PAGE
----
The second thing I will mention on this question is a reminder of our membership vows as United Methodists.  When we come into membership, we pledge to serve the church in these ways: through our prayers, our presence, our gifts, our service, and our witness.  These ways of serving are rather self-explanatory, but it is always a good reminder of what we as members of this church are asked to do- pray, show up, give financially, get involved in outreach to our community and our neighbors and beyond, and to witness- to tell others of our experiences of Jesus Christ through our thoughts, words, and actions.  If each and every one of us took our membership vows seriously each and every time we stepped foot in this church and when we step outside of these walls, just imagine what our congregation could be like.  We would have more involvement, more opportunities for ministries, programs, and services.  And it takes each and every one of us- not just a select few, not just the pastor, not just the leaders of committees, but all of us play a vital role in the life of the congregation.  Find your passions and gifts, and volunteer yourself to serve in that area.  Don’t wait to be asked- just jump right in! That is the best way to serve.

Along these same lines, another question of this congregation that I hear a lot is, “How can we bring in more young people and families?”  And trust me, there are thousands of churches asking the very same question, so we are not alone.  My first response is that we need to make sure we are providing activities for youth and children, which we currently are, but we could probably be doing more if we had more people willing to step in and volunteer.  If we are serious about wanting more young families, then it needs to be a priority of each and every one of you, the people of this church.  It’s helping with Wee Believe, offering a youth Sunday school, continuing our monthly youth group program, providing child care during church events, classes, or meetings that might require it.  Again, this issue also goes back to radical hospitality, asking ourselves, what are things we could do to welcome people of all ages?  And sometimes this question about how we can bring in young people isn’t really the right question- I believe that if we focus on ministering to people of all ages and extending the invitation, that people will be met where they are and we can do ministry of all kinds together.  If we obsess over this one question and issue that is so prominent right now in church culture, then we might miss ministry and service opportunities right in front of us that speak to who we are as a church here and now.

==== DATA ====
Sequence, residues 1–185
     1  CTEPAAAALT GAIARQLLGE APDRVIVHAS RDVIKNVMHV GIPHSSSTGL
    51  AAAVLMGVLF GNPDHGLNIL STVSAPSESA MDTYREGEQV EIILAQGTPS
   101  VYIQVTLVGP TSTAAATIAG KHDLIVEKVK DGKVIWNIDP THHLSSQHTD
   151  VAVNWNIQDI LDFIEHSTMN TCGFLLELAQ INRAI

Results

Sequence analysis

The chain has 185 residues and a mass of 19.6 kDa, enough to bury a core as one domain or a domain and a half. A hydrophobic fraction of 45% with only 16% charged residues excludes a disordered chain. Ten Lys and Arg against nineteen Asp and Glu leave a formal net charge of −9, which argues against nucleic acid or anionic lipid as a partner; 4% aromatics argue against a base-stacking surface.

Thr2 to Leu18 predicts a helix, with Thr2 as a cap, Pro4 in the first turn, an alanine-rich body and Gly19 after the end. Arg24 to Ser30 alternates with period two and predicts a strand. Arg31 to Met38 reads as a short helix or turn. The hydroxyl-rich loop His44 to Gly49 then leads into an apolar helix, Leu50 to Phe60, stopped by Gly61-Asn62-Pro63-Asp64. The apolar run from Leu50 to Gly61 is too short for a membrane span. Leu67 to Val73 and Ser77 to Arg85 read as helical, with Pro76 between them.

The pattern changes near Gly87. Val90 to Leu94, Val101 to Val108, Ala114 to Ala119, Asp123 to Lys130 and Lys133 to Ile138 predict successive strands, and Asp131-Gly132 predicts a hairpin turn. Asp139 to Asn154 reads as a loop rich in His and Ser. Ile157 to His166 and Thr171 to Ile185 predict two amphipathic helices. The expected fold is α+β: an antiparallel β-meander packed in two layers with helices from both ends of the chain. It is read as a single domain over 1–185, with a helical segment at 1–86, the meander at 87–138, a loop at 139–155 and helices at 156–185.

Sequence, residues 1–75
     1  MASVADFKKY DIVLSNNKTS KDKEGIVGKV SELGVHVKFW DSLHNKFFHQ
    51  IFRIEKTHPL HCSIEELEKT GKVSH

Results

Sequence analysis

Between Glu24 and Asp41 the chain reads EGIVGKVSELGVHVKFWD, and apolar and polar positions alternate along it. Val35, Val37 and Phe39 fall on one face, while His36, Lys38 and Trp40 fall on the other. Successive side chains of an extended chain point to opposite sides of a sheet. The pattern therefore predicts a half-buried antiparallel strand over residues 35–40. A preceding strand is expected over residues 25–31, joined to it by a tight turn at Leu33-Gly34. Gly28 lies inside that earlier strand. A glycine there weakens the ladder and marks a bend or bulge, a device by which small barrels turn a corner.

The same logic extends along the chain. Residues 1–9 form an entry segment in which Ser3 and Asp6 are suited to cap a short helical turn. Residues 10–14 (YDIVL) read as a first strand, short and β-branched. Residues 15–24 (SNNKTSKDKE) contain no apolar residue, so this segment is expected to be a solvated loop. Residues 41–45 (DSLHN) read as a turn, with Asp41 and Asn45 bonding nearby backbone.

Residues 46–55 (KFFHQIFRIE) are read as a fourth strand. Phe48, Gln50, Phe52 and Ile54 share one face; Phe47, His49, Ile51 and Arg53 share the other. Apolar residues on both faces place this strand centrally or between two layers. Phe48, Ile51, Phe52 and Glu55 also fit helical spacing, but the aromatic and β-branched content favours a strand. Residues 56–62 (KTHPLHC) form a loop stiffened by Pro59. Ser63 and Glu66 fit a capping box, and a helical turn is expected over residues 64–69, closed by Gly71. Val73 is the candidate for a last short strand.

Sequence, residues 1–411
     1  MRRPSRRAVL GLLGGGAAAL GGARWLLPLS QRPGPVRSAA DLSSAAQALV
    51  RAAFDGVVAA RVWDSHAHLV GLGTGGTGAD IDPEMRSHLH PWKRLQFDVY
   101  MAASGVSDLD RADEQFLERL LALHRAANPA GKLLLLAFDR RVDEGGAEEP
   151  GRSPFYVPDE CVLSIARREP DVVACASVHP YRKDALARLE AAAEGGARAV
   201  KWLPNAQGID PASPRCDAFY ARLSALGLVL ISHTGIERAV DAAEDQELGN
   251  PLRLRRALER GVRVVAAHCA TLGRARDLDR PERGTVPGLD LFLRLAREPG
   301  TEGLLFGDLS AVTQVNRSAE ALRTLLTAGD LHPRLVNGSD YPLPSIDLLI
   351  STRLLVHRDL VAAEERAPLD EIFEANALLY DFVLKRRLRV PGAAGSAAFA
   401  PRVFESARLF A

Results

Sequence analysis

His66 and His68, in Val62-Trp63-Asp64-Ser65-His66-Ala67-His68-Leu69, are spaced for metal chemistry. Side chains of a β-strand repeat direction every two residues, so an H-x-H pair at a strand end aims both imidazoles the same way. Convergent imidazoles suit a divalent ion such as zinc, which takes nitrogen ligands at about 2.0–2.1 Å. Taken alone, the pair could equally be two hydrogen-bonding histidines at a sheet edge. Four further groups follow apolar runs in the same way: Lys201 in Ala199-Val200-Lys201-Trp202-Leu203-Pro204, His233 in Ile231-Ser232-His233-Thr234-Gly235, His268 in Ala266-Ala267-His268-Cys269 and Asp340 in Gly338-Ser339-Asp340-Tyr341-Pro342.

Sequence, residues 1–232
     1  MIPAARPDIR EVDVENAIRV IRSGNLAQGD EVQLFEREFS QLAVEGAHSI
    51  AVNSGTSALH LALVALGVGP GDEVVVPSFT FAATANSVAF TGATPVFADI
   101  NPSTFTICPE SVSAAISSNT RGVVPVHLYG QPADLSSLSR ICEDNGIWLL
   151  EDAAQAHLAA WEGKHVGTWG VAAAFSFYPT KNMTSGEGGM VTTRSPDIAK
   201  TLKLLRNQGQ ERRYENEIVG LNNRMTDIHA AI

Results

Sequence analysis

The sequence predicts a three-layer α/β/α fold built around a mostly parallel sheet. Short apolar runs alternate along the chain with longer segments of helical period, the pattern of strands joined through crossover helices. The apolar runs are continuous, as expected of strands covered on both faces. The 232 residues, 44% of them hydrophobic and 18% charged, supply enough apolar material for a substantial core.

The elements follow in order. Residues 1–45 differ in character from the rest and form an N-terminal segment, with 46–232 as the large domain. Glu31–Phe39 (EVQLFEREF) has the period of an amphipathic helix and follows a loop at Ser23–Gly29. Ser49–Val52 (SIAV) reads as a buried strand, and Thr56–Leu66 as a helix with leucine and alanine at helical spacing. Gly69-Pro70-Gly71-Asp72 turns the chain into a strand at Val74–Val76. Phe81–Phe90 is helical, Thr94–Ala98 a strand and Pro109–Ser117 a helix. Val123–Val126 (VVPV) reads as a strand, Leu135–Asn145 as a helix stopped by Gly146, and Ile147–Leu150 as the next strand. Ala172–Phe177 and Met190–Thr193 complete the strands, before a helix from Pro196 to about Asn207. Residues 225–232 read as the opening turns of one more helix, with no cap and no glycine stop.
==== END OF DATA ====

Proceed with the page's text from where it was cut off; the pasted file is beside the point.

And as a church, we have a lot to offer, but again, it takes each and every one of us.  One of the beautiful things about this congregation is the diversity of opinions and understandings of different issues that affect our lives and the way in which we think about things.  A role of church is that we are to be advocates in the advancement for issues of justice and equality in our community and beyond- we are to be a voice that proclaims the love of Jesus for all.  But often we get bogged down into discussions that result in partisan differences.  So how can we talk to each other without getting stuck?  I think this issue is best solved when we open ourselves up to healthy dialogue with one another out of respect and honor.  We come to church to have a safe place to engage in healthy dialogue, to learn from one another, and to grow in the grace and knowledge of God.  If we can’t do that, then we are not the Body of Christ.  Being the Body of Christ means that we acknowledge that we have different opinions and ways of looking at things, but we as Christ followers must rise above our petty differences for the good of the church as a whole and unify our voices to say that we as a church are here to love and serve.  When we get bogged down in our differences, we easily lose sight of the bigger goal of what the church should be about, which is to make disciples of Jesus Christ for the transformation of the world, the stated mission of the United Methodist Church.